Designing with APIs



Manually entering data into a prototype can be frustratingly slow. I recently felt this pain while building a music player in Framer that displayed a grid of 8 albums. To make this prototype believable, I needed to enter album artwork, artist info, and track names. I was looking at over 100 pieces of information I needed to type in. No thanks.

That’s why, when I design information-dense interfaces, I prefer to find an API that can feed my prototype the data it needs. There is a significant upfront cost but once I got the hang of working with APIs, I never looked back.

In this guide, I will teach you how to:

  1. Fetch data from an API
  2. Turn an API’s response into JSON
  3. Map JSON data onto components

We’ll be using an API found at to build a music player prototype. You can get the final project file here.

First, what is an API?

An API is an interface for one computer to talk to another computer. Because computers don’t need visual elements (like buttons) to communicate, APIs are basically just strings of text sent back and forth—request and response.

Request and Response

Let’s say you wanted to play Taylor Swift’s latest album on Spotify. You’d probably do something like this:

  1. Sign in to Spotify
  2. Search for “Taylor Swift”
  3. Click on the album “Lover”
  4. Press the play button

Spotify’s API follows a similiar flow but instead of clicking on visual elements, the code makes requests to specific URL endpoints:

  1. Authenticate your application with
  2. Search for “Taylor Swift” via /search/?q=taylor%20swift
  3. Get a list of her albums via /artists/06HLXpf02/albums
  4. Select the first album and play via /player/play

Secrets, Keys, and Tokens

Just like human interfaces require a user to sign in first, APIs also expect each incoming request to have the proper authorization.

Requests usually fall into one of two buckets:

1. Public ActionsUnsplash API

When an API responds with data that isn’t tied to a specific user, it typically only requires a single key. Each developer gets a unique key which lets the API monitor their requests and limit the amount of requests one developer can make in a given period of time.

2. User ActionsDropobx API

Any time an API reads user data or writes data on behalf of a user, it likely follows the OAuth protocol. In this model, the application needs to get the user’s consent by directing them to a special URL. In fact, any time you signed in to an application with Google, you went through an OAuth flow. What you don’t see is that after you accept, Google sends the developer a unique token that can be used to make API requests on your behalf.

Even within these two authentication buckets, you’ll find small differences. Some APIs require you to refresh your token every hour and others give you permanent tokens. Some expect credentials to be sent the URL like /?client_id=3d0dpl15v and others look for credentials in the request header.

SDKs Make Life (a bit) Easier

Thankfully, mature APIs often have Software Development Kits that help with managing tokens and formatting requests. For example, Dropbox has a Javascript SDK that makes it possible to pull down a list of folder with just dropbox.filesListFolder().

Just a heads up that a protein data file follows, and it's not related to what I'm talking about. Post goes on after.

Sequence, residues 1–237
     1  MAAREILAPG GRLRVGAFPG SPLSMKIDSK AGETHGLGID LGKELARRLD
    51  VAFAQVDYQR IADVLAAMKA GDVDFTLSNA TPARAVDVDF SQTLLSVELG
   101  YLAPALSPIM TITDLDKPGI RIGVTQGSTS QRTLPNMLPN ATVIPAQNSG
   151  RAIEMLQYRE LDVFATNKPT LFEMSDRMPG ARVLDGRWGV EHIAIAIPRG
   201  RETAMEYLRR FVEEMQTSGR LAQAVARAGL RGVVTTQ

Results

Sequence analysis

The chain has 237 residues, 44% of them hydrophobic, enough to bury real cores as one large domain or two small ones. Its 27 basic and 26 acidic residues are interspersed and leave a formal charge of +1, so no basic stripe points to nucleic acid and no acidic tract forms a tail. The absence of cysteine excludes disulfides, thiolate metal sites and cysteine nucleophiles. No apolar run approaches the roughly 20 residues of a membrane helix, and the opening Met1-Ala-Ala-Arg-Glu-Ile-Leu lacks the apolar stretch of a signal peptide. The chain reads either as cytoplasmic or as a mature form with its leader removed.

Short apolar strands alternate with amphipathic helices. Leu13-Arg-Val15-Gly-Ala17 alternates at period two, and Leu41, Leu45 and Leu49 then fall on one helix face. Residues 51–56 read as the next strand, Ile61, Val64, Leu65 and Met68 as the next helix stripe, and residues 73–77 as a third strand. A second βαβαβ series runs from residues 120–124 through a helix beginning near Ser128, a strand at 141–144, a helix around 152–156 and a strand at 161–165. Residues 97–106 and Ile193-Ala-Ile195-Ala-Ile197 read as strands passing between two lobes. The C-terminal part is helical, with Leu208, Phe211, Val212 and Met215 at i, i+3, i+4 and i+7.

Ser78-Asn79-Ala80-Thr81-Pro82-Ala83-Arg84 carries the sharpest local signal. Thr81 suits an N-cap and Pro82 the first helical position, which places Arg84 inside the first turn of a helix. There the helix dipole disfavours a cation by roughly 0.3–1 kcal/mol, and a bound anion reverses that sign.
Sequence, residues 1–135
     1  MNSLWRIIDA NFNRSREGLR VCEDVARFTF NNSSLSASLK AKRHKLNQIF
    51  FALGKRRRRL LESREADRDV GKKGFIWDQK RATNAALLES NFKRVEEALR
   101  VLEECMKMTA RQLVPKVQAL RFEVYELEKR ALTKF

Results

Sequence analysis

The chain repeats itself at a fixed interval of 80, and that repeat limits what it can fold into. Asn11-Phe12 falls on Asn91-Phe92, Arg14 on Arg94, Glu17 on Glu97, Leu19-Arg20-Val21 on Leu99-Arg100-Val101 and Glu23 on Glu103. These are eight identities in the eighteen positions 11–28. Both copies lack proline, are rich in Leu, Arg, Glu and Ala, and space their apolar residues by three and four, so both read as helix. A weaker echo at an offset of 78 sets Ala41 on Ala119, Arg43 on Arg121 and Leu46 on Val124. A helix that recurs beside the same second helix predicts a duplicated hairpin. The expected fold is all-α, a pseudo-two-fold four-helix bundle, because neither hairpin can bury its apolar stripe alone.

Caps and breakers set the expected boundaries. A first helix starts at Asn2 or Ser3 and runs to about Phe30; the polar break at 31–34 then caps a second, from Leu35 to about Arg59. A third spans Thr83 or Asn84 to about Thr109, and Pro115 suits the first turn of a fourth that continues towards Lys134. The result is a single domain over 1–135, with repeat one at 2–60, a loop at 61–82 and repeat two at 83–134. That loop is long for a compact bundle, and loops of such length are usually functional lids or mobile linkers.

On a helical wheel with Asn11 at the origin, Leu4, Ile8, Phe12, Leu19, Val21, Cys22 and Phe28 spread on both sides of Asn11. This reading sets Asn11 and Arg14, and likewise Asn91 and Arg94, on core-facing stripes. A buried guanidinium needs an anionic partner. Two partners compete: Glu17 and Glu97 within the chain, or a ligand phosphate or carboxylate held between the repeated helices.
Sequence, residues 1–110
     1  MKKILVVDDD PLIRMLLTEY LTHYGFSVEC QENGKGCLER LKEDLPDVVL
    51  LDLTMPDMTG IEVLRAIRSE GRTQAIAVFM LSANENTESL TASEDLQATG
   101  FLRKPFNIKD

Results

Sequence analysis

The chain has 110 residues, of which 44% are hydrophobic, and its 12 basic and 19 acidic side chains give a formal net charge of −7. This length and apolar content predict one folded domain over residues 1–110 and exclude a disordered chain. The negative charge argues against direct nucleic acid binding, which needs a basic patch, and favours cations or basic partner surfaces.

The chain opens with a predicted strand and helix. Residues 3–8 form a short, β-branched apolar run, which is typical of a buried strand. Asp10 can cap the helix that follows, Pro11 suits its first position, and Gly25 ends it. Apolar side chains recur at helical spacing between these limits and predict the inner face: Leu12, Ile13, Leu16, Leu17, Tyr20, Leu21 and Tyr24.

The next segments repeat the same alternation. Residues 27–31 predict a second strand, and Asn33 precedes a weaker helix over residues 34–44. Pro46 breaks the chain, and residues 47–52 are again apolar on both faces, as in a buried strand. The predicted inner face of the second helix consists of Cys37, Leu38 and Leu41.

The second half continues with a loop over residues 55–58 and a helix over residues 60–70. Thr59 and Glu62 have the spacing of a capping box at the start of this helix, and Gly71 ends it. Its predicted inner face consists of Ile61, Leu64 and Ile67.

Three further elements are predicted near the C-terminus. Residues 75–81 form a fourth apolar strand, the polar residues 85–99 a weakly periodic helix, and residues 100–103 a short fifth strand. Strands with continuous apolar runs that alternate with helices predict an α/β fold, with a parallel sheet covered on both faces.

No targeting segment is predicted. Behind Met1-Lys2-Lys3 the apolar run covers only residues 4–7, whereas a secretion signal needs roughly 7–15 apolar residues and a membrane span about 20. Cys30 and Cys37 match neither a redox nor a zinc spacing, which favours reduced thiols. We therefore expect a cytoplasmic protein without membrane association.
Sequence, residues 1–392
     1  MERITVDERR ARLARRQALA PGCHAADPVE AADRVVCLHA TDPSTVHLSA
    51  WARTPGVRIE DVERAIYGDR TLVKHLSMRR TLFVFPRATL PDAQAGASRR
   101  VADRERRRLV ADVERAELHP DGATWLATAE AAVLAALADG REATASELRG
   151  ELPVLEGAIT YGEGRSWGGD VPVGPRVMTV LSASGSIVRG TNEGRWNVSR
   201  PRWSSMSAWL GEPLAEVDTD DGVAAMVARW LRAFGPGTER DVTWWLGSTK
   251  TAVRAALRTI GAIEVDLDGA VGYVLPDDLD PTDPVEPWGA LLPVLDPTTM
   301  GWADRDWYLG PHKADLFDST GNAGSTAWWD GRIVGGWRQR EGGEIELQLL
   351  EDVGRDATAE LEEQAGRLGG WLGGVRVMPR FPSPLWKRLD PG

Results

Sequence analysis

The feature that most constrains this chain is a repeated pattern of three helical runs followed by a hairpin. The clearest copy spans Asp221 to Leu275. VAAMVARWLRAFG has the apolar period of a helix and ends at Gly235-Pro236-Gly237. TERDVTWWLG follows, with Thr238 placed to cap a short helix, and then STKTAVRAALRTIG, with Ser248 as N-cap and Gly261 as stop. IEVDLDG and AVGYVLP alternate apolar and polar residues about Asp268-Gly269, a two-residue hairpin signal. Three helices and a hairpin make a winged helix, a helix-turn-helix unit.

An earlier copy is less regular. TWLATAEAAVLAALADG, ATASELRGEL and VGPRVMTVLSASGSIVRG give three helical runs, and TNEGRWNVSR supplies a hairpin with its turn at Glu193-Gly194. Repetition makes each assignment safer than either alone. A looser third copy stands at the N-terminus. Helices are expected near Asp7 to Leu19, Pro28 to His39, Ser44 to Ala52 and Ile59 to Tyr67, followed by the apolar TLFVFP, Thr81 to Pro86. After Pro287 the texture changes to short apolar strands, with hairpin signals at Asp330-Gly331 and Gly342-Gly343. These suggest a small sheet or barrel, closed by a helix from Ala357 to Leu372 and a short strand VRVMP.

Well, it’s not that simple. You still need to create a Dropbox developer account, get the user’s access token, and initialize your connection.

An API for Designers

Unfortunately, the pain of setting up an API often overshadows the reward.

That’s why I built—a dead-simple API that lets you pull basic data sets into your prototype without any secret keys, user tokens, or complex headers.

1. Fetching the Data

To build our music player, we need a list of albums. I’m in a Taylor Swift mood so I went ahead and added all her albums to We can get them with the fetch() function like this:


Fetch Returns a Promise

While fetch() waits patiently for the API to respond, the rest of our code rushes on without a care. If we try to use the data before the API responds, we’ll get undefined.

const albumData = fetch("")
console.log(albumData) // undefined

That’s because fetch() is an async function that returns a special object called a Promise. This Promise object automatically updates when the API responds. The idea is that fetch() promises to turn over the data once it arrives but since that could take a really long time, we shouldn’t stop everything else while we wait.

.then(response => {
console.log("We got the data!", response)

When the API responds, the data is passed to the .then() method. We access the data by passing .then() a function with a single parameter: response.

Extract JSON from the Response

I should note that response contains more than just the Taylor Swift data we’re looking for. It’s actually a special Response object with properties and methods of its own. One of those methods is .json() and we’re going to use that to extract the data in a format we can work with.

.then(response => response.json())
.then(data => {
console.log("Ok, now we really have the data!", data)

This is where things get a bit weird. As it turns out, the .json() method also returns a promise so we need to use another .then() to get the Taylor Swift data.

Save the JSON to State

We have the Taylor Swift data but it’s trapped inside the fetch() function. To set the JSON free, we need to save it to a new variable and tell our component to re-render.

If you read my last post on React Hooks, you’ll know that the useState() hook is a perfect tool for this job.

const [data, setData] = useState(null)
useEffect(() => {
.then(response => response.json())
.then(data => {
}, [])

A warning about endless loops

APIs do not like being hit thousands of times per second which is exactly what will happen if you forget to wrap you fetch call in the useEffect() hook. Updating our component’s state will trigger a re-render. If each state change triggers a fetch(), and each fetch() triggers a state change, we’ll create an infinite loop that queries the API thousands of times per second. Not fun.